“I mean, they beat us in a lot of different areas,” said Curry. “That’s a good team that we just didn’t match what they were doing on both ends of the floor from the get-go.”

The Nets got absolutely trounced in three-point shooting for what feels like the umpteenth time this season. Boston netted 40.5% of their threes while Brooklyn made just 24.1%.

Points in the paint were also an area of weakness with Boston enjoying a +8 advantage in that category. Rebounds, too, proved to be more of an abstract concept than an actual way to win a game for the Nets, as Boston gobbled up 48 to Brooklyn’s 38.

But maybe the biggest discrepancy between both teams — and where this game was likely lost — was in transition. Boston turned the ball over (14) more times than the Nets (11), but was far more efficient at turning those goof-ups into points on the other end. The Celtics scored 23 fastbreak points while the Nets mustered just 7, a 16-point difference that greatly affected the final score.

Seriously, check out below how many of Brooklyn’s errant passes or bad shots led to points on the other end.

The hits keep coming...

And coming...

Oh my goodness, they never stop. (Also, what a finish from Jaylen Brown).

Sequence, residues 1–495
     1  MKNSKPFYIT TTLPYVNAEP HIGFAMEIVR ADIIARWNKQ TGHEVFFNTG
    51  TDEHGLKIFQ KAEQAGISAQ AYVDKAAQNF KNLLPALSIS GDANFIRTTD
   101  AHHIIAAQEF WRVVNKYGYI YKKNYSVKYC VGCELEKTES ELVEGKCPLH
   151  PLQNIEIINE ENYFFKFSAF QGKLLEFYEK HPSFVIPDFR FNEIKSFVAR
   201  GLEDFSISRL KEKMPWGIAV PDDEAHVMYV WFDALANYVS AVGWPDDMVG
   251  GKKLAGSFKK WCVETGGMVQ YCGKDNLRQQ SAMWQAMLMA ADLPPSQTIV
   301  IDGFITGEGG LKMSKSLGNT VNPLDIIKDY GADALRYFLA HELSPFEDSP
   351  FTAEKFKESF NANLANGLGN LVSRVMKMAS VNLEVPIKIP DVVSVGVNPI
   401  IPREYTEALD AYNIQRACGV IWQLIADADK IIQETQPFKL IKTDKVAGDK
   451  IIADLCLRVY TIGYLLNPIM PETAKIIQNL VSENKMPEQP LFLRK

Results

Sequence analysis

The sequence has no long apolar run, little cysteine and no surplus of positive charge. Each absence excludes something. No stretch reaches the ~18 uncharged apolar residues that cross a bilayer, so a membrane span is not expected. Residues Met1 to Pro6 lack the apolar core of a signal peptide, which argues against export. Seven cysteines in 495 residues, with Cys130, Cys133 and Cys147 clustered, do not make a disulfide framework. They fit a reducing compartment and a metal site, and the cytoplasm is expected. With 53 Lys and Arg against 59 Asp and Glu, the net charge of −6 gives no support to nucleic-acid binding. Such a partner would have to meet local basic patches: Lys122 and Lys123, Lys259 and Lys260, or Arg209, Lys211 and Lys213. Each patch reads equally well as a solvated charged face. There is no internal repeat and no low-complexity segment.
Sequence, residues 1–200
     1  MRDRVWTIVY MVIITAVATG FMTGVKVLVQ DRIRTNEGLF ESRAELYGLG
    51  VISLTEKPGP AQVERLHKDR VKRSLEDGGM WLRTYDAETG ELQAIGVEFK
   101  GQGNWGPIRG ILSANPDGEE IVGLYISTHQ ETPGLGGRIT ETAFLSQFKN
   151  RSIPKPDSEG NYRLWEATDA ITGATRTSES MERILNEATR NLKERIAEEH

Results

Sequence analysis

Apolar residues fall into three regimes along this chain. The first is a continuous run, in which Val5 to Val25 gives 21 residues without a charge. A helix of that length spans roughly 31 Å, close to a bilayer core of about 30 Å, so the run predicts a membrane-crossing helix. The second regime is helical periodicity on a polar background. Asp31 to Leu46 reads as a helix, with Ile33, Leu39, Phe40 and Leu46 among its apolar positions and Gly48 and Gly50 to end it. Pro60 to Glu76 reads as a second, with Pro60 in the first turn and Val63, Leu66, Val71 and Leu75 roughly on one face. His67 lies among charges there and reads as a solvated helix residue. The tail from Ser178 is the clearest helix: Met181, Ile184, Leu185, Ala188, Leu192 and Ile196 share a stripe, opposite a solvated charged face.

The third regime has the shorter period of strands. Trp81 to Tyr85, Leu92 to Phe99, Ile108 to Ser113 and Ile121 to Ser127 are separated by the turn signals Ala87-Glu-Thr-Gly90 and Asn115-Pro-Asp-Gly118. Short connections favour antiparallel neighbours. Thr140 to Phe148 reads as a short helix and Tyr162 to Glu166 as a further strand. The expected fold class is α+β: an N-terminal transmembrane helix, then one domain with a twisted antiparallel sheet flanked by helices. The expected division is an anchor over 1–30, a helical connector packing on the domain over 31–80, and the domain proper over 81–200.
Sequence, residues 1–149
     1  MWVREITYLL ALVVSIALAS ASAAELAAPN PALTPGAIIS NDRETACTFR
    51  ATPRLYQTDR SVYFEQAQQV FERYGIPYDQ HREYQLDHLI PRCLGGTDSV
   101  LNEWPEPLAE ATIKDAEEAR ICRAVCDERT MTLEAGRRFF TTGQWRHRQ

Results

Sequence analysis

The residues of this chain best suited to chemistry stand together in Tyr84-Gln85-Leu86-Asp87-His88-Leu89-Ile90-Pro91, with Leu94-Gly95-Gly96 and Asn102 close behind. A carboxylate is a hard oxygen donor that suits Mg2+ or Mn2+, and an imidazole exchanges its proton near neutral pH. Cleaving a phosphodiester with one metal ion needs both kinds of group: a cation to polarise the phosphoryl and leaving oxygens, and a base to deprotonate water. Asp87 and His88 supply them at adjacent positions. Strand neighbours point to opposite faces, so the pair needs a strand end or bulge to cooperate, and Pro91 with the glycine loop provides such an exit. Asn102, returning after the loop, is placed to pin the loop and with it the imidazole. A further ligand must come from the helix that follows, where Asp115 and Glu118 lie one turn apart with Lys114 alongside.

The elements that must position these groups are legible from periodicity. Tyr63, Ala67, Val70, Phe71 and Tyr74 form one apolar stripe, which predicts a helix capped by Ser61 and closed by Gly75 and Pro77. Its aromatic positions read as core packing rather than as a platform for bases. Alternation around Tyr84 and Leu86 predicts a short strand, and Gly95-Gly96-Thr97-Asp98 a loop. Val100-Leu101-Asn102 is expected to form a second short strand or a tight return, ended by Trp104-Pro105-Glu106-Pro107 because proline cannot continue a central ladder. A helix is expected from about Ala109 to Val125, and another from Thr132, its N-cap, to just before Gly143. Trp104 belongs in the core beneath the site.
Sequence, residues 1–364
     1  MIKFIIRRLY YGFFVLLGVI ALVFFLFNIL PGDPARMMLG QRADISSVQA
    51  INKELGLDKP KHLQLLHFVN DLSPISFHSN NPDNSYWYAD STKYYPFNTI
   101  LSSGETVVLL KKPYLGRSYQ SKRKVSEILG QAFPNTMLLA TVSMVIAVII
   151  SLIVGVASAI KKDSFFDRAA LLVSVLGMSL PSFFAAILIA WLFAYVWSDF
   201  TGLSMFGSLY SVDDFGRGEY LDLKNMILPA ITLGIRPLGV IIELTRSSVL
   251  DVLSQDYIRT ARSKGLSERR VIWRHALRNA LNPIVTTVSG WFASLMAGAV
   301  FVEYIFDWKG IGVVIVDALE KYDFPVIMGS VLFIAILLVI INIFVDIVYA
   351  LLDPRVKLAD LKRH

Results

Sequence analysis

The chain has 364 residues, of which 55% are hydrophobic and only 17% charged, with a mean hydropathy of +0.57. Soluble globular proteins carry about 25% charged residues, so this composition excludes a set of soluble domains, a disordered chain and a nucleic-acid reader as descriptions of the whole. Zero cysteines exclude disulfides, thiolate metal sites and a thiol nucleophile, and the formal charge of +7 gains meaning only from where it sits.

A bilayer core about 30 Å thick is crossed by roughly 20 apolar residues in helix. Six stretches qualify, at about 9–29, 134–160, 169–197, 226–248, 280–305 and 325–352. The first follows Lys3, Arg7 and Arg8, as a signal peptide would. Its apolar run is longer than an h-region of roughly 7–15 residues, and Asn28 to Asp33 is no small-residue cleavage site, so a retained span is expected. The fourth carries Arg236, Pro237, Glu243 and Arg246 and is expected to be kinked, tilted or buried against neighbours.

With the team at its shorthanded state, it’s imperative that the Nets take care of the ball as best they can. Opponents are well aware of how weakened the Nets are at the knees, ready to pounce at any opportunities that could lead to easy buckets.

“I mean, you show up every day and you try and make the best of it,” said Seth Curry about the challenges of playing shorthanded. “Every individual player gotta come into work every day not thinking of any excuses, just working to get themselves better and figure out what they need to do to help the team get better. And when guys come back, they come back. And I mean until then, we have what we have and we got to make the most of it.”

Big minutes

Nic Claxton got his first minutes and first points since February 4, scoring eight points in 11 minutes. Meanwhile, Andre Drummond scored 11 points and grabbed six boards in 20. LaMarcus Aldridge, coming off the bench, had nine and four in only 17 while Day’Ron Sharpe got six garbage minutes and scored six points. Sharpe, who’s started eight games, had played only 2:39 minutes in the last five games prior to the Celtics game.

What’s next

2022 NBA All-Star Game Photo by Nathaniel S. Butler/NBAE via Getty Images

The Nets will be back in action on Saturday, February 26 when the team travels to Milwaukee to play the Bucks. The game is slated to tip at 7:30 p.m. ET.

For a different perspective on Thursday night’s game, check out CelticsBlog — our sister site covering the Celtics.